The regression equation between changes in plasma triglyceride concentration and changes in the concentration of LDL-derived TBARS indicated that subjects with increased concentrations of LDL-derived TBARS had plasma triglyceride elevations greater than 15 mg/dL, and this value was used to divide subjects into two groups with greater or smaller plasma triglyceride increases. Plasma HDL-cholesterol and apolipoprotein A-I concentrations were not changed by estrogen therapy in patients whose plasma triglyceride concentrations increased beyond cutoff values, while those parameters were elevated in patients whose plasma triglyceride concentrations did not increase. The plasma HDL-cholesterol concentration has been reported to be inversely associated with plasma triglyceride concentrations; a low plasma HDL-cholesterol concentration in patients with hypertriglyceridemia could result from increased lipid transfer reactions via cholesterol ester transfer protein (34). Thus, an estrogen-induced increase in plasma triglyceride may reduce the amount of HDL-cholesterol in plasma, which was increased by estrogen.
Estrogen decreased plasma concentrations of total cholesterol, LDL-cholesterol and apolipoprotein B in both of our triglyceride-defined groups. However, the size of LDL particles was reduced, and the LDL peroxidation was enhanced by estrogen therapy in the group whose plasma triglyceride concentrations increased. Small, dense LDL particles are considered to be easily oxidized because these particles contain low concentrations of antioxidants and high concentrations of polyunsaturated fatty acids (35). Our findings indicate that antioxidative effects of estrogen can be offset by hypertriglyceridemia-induced small LDL particles that render the particles more susceptible to oxidative modification. In contrast, the size of LDL particles did not change, and LDL peroxidation was reduced after estrogen therapy in our group of patients whose plasma triglyceride concentrations were unchanged. In this group, a stable size of LDL particles preserved the antioxidative effect of estrogen.
We investigated lean and healthy postmenopausal women. Obese women with hypertriglyceridemia or women with CHD might respond differently. A reduction in the plasma level of triglyceride might be needed before ERT in the subjects with hypertriglyceridemia. Further studies are required to clarify these issues. Since our subject number was relatively small, the 15 mg/dL plasma triglyceride increase that served as the cutoff in this study might not apply in large patient populations.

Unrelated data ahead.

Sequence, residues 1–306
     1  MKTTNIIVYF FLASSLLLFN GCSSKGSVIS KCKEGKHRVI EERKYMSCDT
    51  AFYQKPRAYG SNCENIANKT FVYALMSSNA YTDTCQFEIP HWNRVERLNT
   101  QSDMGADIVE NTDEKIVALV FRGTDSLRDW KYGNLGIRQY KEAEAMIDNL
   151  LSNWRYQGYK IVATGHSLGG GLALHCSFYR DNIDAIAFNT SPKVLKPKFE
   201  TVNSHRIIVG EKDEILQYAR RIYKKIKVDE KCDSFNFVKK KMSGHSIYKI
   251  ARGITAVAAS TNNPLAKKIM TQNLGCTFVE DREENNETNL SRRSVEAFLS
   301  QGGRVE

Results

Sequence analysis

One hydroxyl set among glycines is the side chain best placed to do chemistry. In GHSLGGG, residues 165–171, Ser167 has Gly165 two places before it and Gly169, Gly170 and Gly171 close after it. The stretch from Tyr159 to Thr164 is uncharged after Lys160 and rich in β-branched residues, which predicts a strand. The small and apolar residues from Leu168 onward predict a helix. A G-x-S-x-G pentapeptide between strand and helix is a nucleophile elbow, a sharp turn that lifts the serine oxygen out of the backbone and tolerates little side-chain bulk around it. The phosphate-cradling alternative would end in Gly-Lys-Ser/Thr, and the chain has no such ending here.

According to the findings of HERS, estrogen and progestin therapy had beneficial effects on plasma concentrations of LDL-cholesterol and HDL-cholesterol, but the plasma triglyceride concentration was increased (13), as in our results. If sufficiently large, this estrogen-induced increase in plasma triglyceride can be atherogenic via a decrease in LDL particle size and partially offset the beneficial effects of estrogen. Studies are needed to investigate whether or not a reduction in plasma triglyceride concentrations during hormone replacement therapy can reduce the risk of cardiac events in postmenopausal women with established coronary disease.
- coronary heart disease
- ethylenediaminetetra-acetic acid
- estrogen replacement therapy
- high density lipoprotein
- Heart and Estrogen/progestin Replacement Study
- low density lipoprotein
- thiobarbituric acid-reactive substances
- Received June 7, 2000.
- Revision received September 8, 2000.
- Accepted October 26, 2000.
- American College of Cardiology
- Shen M.M,
- Krauss R.M,
- Lindgren F.T,
- Forte T.M
- Samaan S.A,
- Crawford M.H
- Allain C.C,
- Poon L.S,
- Chan C.S,
- Richmond W,
- Fu P.C
- Havel R.J,
- Eder H.A,
- Bragdon J.H
- Gambert P,
- Bouzerard-Gambert C,
- Athias A,
- Farnier M,
- Lallemant C
- Lagrost L,
- Gandjini H,
- Athias A,
- Guyard-Dangremont V,
- Lallemant C,
- Gambert P
- ↵Austin MA, Hokanson JE, Edwards KL. Hypertriglyceridemia as a cardiovascular risk factor. Am J Cardiol 1998 26;81:7B–12B.
- Mackness M.I,
- Abbott C,
- Arrol S,
- Durrington P.N
- de Graaf J,
- Hak-Lemmers H.L,
- Hectors M.P,
- Demacker P.N,
- Hendriks J.C,
- Stalenhoef A.F